1924 – 1987
James Baldwin was an American novelist and essayist whose work is noted for its social critique and exploration of race, sexuality, and class in the Western world. Growing up black and gay in America, Baldwin experienced frequent discrimination, which greatly impacted his literary work. One of his early novels, Geovanni’s Room, caused great controversy for its unapologetic depiction of same-sex relationships. His subsequent novels, including Another Country and Tell Me How Long the Train’s Been Gone, openly portray queer and interracial relationships, both of which were incredibly controversial in that time. Baldwin was also greatly inspired by and active in the Civil Rights Movement in America during the 1960s; he travelled to the South where he interviewed people who experienced the movement, and wrote several essays about what he saw. He became involved in the Congress of Racial Equality (CORE) and the Student Nonviolent Coordinating Committee (SNCC), where he travelled across the American South lecturing on his views on racial equality and analyzing the ideologies of both Martin Luther King, Jr. and Malcolm X. Baldwin was open about his sexual orientation, which was still rare at the time, and his legacy lives on as both an inspiring gay figure and as an impactful literary voice of the Civil Rights Movement.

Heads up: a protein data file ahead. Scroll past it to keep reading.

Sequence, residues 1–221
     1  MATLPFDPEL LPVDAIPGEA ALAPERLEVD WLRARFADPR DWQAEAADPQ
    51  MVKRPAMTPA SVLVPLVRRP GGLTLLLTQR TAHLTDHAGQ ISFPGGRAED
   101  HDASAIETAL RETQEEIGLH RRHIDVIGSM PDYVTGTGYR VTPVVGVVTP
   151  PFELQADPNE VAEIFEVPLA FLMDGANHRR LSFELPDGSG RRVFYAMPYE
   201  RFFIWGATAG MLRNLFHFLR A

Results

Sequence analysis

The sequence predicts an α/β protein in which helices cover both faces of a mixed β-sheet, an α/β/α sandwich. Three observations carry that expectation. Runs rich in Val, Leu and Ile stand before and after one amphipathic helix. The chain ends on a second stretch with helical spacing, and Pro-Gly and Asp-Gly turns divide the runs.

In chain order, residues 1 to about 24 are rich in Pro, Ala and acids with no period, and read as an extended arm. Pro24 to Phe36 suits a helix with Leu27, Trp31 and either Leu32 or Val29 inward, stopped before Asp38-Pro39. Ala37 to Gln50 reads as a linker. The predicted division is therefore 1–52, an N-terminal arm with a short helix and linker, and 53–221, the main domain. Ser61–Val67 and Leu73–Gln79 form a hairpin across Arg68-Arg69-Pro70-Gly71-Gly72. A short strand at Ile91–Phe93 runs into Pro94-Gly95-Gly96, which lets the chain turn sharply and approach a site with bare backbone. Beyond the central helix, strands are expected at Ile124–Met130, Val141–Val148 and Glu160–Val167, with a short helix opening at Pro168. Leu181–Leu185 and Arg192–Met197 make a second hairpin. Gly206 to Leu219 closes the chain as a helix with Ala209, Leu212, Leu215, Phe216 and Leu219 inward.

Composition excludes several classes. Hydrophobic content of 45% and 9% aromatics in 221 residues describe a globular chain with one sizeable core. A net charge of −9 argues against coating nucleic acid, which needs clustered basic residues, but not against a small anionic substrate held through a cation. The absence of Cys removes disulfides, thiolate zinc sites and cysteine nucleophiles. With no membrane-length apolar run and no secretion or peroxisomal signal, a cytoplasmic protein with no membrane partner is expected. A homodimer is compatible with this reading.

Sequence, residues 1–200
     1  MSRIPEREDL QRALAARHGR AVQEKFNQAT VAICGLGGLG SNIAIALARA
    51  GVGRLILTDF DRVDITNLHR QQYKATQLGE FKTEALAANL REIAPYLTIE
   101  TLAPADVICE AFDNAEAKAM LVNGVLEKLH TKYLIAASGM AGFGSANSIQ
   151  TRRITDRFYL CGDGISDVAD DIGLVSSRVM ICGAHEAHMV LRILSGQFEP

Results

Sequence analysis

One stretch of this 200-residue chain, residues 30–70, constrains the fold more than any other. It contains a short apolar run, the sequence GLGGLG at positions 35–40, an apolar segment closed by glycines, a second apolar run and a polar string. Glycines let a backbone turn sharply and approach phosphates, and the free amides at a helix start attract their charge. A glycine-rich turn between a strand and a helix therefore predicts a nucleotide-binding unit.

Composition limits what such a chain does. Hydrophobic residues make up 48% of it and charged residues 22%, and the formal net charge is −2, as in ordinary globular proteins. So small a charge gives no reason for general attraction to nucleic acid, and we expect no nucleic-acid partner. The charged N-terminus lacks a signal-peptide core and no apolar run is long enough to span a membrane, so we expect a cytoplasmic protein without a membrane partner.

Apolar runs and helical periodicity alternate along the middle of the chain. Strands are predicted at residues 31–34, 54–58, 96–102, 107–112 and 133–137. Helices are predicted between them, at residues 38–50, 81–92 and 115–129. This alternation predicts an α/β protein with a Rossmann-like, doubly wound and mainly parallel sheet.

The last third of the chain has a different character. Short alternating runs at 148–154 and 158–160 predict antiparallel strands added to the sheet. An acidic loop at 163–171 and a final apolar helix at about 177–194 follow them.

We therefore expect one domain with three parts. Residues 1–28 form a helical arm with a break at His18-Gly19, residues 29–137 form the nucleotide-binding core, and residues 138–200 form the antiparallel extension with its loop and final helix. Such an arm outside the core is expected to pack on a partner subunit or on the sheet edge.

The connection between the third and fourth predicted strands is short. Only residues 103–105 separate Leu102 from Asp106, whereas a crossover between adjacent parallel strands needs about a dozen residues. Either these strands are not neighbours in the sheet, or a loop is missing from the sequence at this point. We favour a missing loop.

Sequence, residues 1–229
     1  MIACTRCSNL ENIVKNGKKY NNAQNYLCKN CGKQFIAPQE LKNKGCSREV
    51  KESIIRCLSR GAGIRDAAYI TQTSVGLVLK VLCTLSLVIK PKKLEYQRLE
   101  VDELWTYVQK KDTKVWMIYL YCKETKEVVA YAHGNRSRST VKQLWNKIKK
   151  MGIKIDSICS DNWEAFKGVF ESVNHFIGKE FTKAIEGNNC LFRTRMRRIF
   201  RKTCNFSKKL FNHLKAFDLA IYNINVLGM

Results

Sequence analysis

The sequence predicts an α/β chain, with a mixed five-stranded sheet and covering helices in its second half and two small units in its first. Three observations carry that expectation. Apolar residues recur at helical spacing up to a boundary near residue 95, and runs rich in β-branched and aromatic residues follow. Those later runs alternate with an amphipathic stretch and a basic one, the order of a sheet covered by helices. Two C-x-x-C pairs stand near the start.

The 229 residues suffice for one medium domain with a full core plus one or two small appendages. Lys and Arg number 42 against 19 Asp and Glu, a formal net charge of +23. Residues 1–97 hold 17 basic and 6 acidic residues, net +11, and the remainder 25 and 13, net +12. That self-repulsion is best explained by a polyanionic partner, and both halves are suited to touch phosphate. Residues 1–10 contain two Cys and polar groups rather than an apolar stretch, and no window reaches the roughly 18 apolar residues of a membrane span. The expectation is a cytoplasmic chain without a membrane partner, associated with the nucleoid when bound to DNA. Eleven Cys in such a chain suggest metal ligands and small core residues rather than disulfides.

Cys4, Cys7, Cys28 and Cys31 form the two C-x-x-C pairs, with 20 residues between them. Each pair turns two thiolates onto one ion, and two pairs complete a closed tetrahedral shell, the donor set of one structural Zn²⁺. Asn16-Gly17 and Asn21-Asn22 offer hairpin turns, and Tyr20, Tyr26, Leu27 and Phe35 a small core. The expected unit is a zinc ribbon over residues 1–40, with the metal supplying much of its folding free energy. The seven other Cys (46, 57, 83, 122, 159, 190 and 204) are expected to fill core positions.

1934 – 1992
Audre Lorde was an American writer, a daughter of immigrants, and a self-described “black, lesbian, mother, warrior, poet.” Her writing is most well known for its social justice framework and discussion of feminism, racial injustice, and queer identity. From powerful, emotionally expressive poetry to social critique and queer feminist theory, her work spanned multiple genres, always with the underlying themes of identity, intersectionality, and oppression. Her writing on identity and intersectionality established Lorde as a pillar of the feminist movement, notably penning the well-known essay “The Master’s Tools Will Not Dismantle the Master’s House,” a critique of the racism that was pervasive in much of the feminist movement. Lorde was also a social activist; she was active in the civil rights, anti-war, and feminist movements during her lifetime. She co-founded Kitchen Table: Women of Color Press, dedicated to helping queer women of color get published in a time where the industry was dominated by white men, and was an associate of the Women’s Institute for Freedom of the Press, a non profit publishing organization. Lorde’s fierce and powerful work and legacy continues to impact the literary and feminist communities today.
1958 – 1990